35. University of California San Diego Geisel Library – San Diego, California, USA

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The Geisel Library at the University of California San Diego takes its name from the celebrated writer Theodor Seuss Geisel – better known as Dr. Seuss – and his wife Audrey. The literary pair was honored in this way for contributions to the library and their commitment to bettering literacy. The eight-story, 110-foot structure is an arresting example of the brutalist style and was designed towards the end of the 1960s by notable future-focused American architect William Pereira. Urban legends related to the building abound, one of which states that the library is sinking as a result of its contents, although this has been categorically denied by the facility’s staff.

34. Iowa State Capitol Law Library – Des Moines, Iowa

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Iowa’s State Capitol Law Library at Des Moines is one beautiful building in which we wouldn’t mind getting lost. The splendid space, which was fashioned in the Renaissance style in the 1880s, connects its five levels with elaborately detailed cast-iron spiral stairs and features interiors in chestnut and ash woods. Its marble flooring and walls, chandeliers, periodicals, case book materials and stacks of bookcases – through which one can browse the library’s collection of treatises – collectively create an atmosphere of learned opulence. American architects John C. Cochrane and Alfred H. Piquenard were responsible for its design as well as that of the rest of the State Capitol.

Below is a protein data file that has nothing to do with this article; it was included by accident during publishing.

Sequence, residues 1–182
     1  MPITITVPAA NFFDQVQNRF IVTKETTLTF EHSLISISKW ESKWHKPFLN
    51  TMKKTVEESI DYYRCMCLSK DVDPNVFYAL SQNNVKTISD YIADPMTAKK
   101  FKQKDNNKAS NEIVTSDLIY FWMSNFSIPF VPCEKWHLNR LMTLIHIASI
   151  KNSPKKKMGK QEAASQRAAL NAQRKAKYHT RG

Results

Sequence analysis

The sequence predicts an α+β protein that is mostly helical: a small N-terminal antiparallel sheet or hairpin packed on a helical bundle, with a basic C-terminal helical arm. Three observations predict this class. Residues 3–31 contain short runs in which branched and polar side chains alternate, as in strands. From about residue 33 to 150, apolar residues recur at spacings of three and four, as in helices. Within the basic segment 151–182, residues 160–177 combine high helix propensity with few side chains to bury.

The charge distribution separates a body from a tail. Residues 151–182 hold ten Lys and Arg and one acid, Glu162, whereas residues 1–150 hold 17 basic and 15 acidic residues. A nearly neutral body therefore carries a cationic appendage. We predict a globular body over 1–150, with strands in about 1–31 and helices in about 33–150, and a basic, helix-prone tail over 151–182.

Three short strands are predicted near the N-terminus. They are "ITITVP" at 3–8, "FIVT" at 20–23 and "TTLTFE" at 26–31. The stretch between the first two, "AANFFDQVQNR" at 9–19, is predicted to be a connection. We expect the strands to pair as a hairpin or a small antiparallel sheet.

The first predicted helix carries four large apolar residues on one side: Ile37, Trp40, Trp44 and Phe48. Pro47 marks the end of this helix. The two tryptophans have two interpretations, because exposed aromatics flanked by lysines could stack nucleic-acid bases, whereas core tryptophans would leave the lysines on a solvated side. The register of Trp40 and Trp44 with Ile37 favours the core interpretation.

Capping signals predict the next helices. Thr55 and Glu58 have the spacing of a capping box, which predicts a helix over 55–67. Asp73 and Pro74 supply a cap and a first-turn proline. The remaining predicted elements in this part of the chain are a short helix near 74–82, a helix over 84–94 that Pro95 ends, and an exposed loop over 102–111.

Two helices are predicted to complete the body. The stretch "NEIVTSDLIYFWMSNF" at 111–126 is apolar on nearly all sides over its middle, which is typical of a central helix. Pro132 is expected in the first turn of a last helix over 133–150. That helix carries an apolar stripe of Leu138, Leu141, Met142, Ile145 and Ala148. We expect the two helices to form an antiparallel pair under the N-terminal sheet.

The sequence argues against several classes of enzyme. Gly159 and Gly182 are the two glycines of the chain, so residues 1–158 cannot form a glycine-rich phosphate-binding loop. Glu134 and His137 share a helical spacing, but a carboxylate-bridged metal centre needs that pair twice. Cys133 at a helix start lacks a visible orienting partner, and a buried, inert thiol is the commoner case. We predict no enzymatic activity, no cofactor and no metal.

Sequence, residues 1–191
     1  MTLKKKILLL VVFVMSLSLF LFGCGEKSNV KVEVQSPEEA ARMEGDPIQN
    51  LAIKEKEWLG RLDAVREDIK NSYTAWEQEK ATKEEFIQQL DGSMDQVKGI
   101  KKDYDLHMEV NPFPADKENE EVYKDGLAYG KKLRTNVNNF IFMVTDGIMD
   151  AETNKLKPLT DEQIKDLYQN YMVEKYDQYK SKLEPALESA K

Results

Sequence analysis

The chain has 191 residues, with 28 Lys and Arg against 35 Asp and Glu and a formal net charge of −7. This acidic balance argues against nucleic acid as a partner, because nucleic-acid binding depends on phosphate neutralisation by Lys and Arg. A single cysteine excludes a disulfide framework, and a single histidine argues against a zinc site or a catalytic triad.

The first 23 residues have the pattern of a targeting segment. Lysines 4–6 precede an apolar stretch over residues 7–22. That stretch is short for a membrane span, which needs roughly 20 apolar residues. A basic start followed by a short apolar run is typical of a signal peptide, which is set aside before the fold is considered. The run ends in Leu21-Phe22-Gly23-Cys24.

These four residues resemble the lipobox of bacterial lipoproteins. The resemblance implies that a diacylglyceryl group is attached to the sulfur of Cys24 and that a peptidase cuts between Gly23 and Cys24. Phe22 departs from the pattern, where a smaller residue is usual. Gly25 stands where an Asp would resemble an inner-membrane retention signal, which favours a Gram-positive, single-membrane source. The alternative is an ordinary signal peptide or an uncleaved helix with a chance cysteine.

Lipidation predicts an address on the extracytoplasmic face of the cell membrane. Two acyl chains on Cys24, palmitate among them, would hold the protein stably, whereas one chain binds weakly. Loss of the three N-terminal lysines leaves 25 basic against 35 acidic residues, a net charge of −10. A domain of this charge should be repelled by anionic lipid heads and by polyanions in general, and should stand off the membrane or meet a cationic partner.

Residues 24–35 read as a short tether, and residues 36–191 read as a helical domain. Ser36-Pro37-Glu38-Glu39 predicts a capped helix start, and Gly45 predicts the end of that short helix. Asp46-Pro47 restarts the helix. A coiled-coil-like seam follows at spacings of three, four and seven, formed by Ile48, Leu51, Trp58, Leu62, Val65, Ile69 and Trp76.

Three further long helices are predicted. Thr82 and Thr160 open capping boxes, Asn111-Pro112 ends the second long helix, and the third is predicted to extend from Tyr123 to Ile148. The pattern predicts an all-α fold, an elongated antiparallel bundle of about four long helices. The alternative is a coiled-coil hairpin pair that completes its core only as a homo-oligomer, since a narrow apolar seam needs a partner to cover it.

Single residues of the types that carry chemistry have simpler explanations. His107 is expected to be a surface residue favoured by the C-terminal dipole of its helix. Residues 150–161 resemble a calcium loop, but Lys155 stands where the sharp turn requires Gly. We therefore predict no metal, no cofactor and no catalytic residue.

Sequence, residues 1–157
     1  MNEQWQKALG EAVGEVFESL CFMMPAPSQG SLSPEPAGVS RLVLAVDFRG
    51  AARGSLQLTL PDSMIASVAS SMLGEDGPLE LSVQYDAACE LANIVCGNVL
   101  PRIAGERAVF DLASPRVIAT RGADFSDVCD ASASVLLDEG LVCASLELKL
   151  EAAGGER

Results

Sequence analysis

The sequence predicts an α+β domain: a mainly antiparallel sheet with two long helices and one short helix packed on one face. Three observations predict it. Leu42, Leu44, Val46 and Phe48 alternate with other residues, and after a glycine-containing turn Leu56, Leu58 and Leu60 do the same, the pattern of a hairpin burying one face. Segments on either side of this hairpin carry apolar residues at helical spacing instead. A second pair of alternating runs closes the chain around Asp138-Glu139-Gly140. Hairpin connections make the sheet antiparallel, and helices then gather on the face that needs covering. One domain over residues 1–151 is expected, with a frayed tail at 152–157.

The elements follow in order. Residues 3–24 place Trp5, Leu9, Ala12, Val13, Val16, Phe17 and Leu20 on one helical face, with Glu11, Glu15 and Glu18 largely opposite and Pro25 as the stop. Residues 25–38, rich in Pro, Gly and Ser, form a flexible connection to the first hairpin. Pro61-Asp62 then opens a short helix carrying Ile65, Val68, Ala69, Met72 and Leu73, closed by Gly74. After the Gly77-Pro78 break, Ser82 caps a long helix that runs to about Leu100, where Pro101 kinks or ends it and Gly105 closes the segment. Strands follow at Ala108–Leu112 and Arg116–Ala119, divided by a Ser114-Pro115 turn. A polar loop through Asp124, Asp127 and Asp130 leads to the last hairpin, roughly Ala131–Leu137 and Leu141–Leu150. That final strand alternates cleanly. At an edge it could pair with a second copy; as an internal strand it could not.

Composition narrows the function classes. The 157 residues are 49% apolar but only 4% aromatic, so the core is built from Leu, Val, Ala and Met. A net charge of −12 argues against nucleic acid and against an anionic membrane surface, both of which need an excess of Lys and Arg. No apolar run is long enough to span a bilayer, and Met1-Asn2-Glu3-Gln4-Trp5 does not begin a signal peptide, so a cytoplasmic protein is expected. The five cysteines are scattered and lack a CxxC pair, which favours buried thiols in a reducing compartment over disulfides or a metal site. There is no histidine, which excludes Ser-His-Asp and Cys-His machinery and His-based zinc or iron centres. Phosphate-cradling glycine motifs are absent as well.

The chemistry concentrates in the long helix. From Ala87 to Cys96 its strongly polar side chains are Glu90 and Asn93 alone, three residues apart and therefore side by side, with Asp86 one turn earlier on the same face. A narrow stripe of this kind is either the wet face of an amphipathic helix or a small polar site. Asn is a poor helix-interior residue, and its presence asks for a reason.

33. Library of Parliament – Ottawa, Canada

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Since 1876, The Parliament of Canada has had a suitably grand building in which to store its resources. The attractive, elaborate Victorian High Gothic structure of Ottawa’s Library of Parliament owes its design to Canadian architects Chilion Jones and Thomas Fuller. Its multicolored appearance – referred to as structural polychromy – is down to a mix of materials, including green and purple bands of slate and red Potsdam sandstone. The three-tiered roof crowned with a cupola adds to the majestic effect; and so too do the stone carvings in friezes and floral motifs on the exterior, as well as the 16 flying buttresses.